Over the past year, I created a small NGO, Brazadas Solidarias in order to raise funds to collaborate with humanitarian projects through two types of events: popular open water swims that attracts up to 200 swimmers and the individual challenges that I organize. Brazadas Solidarias raised nearly half of the funds through the Gateway to India challenge necessary to build a school in rural India. We are confident that the total sum will be raised in a few weeks through a local swim we are finalizing now. More importantly, it gave me the opportunity to collaborate with some of the less fortunate kids who have some of the world’s most wonderful and inspiring smiles. Those smiles will accompany me during my swims from now on.
Copyright © 2013 by Open Water Swimming
2014 Global Open Water Swimming Conference
Courtesy of WOWSA, Huntington Beach, California.
CLICK HERE TO REGISTER FOR THE CONFERENCE
The Global Open Water Swimming Conference is a conference on the sport of open water swimming, marathon swimming and swimming during triathlons and multi-sport endurance events.
The conference which has been attended by enthusiasts and luminaries from 6 continents, is devoted to providing information about the latest trends, race tactics, training techniques, equipment, psychological preparation, race organization and safety practices used in the sports of open water swimming, marathon swimming and triathlons.
The conference's mission is to provide opportunities to listen and meet many of the world's most foremost experts in open water swimming, and to meet and discuss the sport among swimmers, coaches, administrators, event organizers, sponsors, vendors, officials, escort pilots, and volunteers from kayakers to safety personnel.
Dozens of presentations at the 2014 Conference at the Mount Stuart House cover numerous aspects of the vast and growing world of open water swimming where attendees can learn and share the latest trends, race tactics, training modalities, swimming techniques, equipment, race organization, logistics, operations, and safety practices for open water swimming as a solo swimmer, competitive athlete, fitness swimmer, masters swimmer, triathlete, multi-sport athlete, administrator, race promoter, sponsor or referee.
The conference was first held in Long Beach, California as part of the 2010 USA Swimming National Open Water Swimming Championships. It has since been held on the Queen Mary in California, at Columbia University and the United Nations in New York City, and in Cork, Ireland. This year in September, it comes to another iconic location, the Mount Stuart House on the Isle of Bute in Scotland.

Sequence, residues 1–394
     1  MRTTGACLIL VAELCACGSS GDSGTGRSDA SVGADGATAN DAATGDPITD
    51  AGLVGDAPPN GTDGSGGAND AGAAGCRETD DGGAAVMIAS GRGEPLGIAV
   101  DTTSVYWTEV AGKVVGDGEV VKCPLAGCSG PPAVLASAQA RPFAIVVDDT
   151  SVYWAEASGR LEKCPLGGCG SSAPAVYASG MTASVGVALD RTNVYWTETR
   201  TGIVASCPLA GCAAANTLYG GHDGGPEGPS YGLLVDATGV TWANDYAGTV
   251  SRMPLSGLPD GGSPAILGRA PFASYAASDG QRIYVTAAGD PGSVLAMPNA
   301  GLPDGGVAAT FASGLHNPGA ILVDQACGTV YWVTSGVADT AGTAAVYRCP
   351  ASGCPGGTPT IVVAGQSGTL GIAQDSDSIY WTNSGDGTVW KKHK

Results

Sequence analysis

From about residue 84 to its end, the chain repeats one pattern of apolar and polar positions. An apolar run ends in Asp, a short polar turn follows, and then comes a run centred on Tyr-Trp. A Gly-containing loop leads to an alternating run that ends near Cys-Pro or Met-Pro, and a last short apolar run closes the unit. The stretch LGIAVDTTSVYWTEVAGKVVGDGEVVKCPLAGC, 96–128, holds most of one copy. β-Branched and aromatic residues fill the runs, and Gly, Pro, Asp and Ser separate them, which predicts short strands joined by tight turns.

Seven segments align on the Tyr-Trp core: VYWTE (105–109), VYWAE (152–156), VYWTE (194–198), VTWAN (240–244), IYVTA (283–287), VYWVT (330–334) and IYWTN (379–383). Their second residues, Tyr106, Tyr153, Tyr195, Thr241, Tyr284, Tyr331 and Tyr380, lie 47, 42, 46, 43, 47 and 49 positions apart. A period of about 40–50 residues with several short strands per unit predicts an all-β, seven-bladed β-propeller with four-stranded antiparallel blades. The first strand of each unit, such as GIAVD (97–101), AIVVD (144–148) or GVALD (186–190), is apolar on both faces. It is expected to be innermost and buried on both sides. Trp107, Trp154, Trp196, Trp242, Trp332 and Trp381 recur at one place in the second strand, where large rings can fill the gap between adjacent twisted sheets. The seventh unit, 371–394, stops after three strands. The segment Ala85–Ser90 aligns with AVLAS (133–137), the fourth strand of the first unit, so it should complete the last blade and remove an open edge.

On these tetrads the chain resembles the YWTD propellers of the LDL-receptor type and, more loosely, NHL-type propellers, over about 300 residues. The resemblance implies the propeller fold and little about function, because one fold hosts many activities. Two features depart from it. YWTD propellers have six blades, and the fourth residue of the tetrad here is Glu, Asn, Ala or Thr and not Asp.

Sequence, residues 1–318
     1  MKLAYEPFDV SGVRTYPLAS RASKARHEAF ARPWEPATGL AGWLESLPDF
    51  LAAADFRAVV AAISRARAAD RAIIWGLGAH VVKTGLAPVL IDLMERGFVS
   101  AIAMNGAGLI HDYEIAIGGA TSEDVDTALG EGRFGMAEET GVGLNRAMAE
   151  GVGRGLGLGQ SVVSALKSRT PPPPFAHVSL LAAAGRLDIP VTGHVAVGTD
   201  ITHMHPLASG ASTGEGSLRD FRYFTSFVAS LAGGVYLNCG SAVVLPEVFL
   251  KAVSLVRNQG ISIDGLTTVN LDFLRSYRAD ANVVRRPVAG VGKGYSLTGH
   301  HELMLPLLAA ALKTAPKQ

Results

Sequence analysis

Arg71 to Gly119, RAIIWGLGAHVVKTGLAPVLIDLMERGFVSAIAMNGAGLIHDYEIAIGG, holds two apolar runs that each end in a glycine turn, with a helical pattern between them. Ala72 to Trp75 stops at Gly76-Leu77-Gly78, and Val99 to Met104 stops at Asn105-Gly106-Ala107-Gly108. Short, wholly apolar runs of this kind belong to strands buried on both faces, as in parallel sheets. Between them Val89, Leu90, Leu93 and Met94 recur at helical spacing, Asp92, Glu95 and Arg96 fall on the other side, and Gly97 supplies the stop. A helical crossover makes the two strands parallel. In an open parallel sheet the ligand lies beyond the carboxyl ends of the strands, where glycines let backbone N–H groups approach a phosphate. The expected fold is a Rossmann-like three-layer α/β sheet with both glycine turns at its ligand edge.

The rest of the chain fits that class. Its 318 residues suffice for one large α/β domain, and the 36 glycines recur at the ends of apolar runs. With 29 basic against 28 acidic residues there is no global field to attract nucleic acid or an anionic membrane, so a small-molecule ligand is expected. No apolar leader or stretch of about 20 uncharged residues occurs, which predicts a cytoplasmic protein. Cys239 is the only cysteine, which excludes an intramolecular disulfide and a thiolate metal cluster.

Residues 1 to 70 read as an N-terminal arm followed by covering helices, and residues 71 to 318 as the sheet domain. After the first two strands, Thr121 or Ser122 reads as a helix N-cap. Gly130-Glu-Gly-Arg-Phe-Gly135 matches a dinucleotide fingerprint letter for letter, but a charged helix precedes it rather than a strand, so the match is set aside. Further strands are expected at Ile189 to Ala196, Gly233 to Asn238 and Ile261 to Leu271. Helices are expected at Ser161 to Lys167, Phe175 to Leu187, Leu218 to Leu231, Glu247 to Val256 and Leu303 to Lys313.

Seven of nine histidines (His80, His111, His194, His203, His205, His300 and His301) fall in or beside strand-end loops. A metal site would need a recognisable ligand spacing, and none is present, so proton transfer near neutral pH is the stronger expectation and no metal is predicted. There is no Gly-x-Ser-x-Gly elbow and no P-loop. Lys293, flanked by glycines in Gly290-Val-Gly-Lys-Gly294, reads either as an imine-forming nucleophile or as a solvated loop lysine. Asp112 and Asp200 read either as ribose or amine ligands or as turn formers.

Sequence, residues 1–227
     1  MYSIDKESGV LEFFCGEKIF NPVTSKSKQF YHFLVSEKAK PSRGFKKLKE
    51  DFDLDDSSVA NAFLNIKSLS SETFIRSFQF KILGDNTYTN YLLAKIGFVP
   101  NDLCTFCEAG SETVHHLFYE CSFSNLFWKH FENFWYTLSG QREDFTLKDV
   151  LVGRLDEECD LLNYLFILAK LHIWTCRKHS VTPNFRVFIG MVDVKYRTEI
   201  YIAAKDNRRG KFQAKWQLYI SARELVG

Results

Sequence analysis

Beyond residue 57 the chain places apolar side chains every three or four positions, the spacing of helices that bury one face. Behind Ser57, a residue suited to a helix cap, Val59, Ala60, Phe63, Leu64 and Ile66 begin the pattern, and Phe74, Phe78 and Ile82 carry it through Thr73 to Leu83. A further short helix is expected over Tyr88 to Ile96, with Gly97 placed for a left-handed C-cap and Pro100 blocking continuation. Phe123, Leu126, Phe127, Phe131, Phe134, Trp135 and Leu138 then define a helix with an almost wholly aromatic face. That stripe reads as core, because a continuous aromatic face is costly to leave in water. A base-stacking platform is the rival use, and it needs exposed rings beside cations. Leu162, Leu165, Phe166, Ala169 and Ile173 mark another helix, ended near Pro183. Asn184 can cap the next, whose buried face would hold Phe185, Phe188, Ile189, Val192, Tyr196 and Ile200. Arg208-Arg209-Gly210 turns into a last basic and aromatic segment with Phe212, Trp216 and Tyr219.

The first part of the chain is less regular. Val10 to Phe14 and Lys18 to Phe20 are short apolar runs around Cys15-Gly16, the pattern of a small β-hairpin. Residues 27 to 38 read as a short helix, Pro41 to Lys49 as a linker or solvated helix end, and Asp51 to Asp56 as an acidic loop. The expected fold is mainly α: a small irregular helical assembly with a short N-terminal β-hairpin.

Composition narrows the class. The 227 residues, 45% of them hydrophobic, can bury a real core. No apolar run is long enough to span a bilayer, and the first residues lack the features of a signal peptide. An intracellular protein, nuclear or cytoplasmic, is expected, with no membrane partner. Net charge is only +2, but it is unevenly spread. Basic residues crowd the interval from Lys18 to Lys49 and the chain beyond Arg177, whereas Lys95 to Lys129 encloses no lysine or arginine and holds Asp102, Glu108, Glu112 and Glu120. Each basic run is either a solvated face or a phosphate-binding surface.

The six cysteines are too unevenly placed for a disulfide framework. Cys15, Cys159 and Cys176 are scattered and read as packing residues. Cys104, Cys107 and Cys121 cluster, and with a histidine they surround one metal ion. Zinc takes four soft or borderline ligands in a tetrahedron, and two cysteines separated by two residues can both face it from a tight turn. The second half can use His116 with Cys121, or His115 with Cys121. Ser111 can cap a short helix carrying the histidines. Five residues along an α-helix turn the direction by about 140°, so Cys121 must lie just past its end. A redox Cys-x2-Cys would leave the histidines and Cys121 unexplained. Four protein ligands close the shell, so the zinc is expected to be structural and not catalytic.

"The Global Open Water Swimming Conference was started due to the desire and need for athletes, coaches, referees, administrators, race directors, promoters and sponsors from around the world to share, collect and learn information about the growing sports of open water swimming, marathon swimming and triathlons," said founder Steven Munatones. "Other swimming conferences usually offering nothing on open water swimming or perhaps a speech or two, but we thought open water swimming deserves its own global conference. It is great that the community shares its information via the online social network, but there is nothing like meeting other open water swimming enthusiasts face-to-face and talking about the sport from morning to night."
Speakers at the conference include English Channel swimmers, ice swimmers, record holders, renowned coaches, world champions, professional marathon swimmers, renowned race directors, officials and administrators from the Africa, Americas, Asia, Europe and Oceania.
"Because the audience is passionate and educated about the sport and its finest practitioners, the Global Open Water Swimming Conference is also the location of the induction ceremonies for the International Marathon Swimming Hall of Fame and the annual WOWSA Awards that recognize the World Open Water Swimming Man of the Year, the World Open Water Swimming Woman of the Year, the World Open Water Swimming Performance of the Year, and the World Open Water Swimming Offering of the Year. Special Lifetime Achievement Awards are also occasionally presented to individuals who have made significant contributions to the sport over their career."
The 2014 Global Open Water Swimming Conference Programme
Wednesday, September 17th
Leave Glasgow to commence 2-day tour of Scotland [closest international airport is Glasgow]
Thursday, September 18th
Stay Mainland, North of Scotland
Friday, September 19th
14:00 - Swim Loch Lomond
17:00 - Head to Isle of Bute
19:30 - Scottish Banquet
21:30 - Dinner Dance
Saturday, September 20th
09:00 - Registration & Coffee
10:00 - Speeches
12:20 - Lunch and WOWSA Awards
13:40 – Speeches
15:40 - Round Table
19:00 - International Marathon Swimming Hall of Fame Dinner & Induction Ceremony
Sunday, September 21st